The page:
Through Many Californios, he explores rural and urban cities, wilderness, the heartlands, north and south, and the ultimate theatre world of Holly wood and fantasy Disney land. In trying to paint a picture in the readers’ minds, the author recalls that before the invasion by Europeans, the state had a diverse native population of around 300,000 Indians in the 1500 A.D. This population which was concentrated in the Central Valley, by 1910, calamities such as massacres, diseases, and environmental destruction led to their reduction to sixteen thousand in 1960 (Haslam 24). As a result, he stresses that the current landscape is a shadow of what it used to be in the beginning and has lost its glory.

American Babylon

These sentiments have been echoed by another author whose work covered postwar Oakland. In his book, American Babylon Self uses the biblical city of Babylon symbolically to represent the present Californian town. During the ancient period as written in the Bible, Babylon degraded due to corruption, immorality, and idolatry, thus, becoming a ruin. Years later, the author depicts the name to bring to attention the likeness of Oakland city to the past. He metaphorically views the present as a turbulent and affluent-filled environment full of prejudice from the politicians (Self 2).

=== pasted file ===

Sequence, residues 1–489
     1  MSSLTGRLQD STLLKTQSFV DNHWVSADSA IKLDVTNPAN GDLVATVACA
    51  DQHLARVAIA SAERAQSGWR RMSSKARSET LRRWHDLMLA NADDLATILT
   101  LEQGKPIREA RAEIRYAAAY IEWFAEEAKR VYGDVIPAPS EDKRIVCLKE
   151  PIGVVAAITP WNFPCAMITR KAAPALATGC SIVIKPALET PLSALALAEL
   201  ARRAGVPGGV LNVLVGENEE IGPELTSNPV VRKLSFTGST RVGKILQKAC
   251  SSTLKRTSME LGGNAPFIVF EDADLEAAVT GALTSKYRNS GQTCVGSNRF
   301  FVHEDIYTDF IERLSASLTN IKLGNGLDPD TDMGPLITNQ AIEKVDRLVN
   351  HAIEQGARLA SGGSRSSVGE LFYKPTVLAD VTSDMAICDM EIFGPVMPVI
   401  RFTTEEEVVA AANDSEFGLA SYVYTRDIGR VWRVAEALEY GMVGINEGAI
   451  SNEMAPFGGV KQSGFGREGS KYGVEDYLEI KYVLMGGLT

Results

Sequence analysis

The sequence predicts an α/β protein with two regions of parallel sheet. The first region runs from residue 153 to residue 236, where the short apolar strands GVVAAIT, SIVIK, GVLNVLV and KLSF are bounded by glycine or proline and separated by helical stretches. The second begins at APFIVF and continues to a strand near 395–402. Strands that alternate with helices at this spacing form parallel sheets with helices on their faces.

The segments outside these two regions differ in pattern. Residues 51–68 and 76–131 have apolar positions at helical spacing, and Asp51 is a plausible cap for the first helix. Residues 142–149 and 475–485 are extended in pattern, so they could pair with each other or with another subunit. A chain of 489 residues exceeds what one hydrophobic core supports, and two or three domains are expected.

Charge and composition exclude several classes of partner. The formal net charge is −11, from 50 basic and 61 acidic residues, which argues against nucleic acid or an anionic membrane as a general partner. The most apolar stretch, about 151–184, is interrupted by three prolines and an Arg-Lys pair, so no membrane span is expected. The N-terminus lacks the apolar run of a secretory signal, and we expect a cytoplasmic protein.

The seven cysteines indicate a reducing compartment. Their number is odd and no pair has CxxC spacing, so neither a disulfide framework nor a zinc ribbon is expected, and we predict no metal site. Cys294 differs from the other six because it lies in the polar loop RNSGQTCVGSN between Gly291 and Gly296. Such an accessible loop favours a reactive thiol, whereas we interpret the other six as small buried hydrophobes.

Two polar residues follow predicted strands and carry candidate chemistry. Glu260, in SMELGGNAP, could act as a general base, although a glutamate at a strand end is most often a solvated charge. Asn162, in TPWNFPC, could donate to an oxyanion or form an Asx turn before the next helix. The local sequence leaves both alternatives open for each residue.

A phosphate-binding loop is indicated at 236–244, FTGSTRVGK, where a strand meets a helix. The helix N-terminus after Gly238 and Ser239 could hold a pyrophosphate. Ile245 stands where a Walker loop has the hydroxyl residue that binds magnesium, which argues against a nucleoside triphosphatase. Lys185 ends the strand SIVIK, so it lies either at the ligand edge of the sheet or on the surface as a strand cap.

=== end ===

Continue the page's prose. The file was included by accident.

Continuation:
While pointing at the wrong impression some scholars have about modern development, especially in urban areas, he stresses how overdevelopment in the suburbs has led to partial change across American cities. Furthermore, he raises his concerns about the homeowners and conservative politics, which have led to wrangles with African-Americans over community entitlement. This has highlighted the devastating difference between the development of towns and the outskirts. For example, after WW2, Detroit saw a tremendous decline as well as Broadway and Washington, which experienced property decline although they were the major commercial hubs for Oakland.

Consequently, the chamber of commerce encouraged homeownership in the city and its outskirts through decentralization. On the contrary, all the measures that were implemented did not benefit the blacks, as the new businesses that were started in Walnut Creek, Hayward, and San Leandro inhibited the growth of other centers. Therefore, the inherent physical differences resulting from the new developments led to conflicts between the African Americans and the whites in 1970 (Self 256).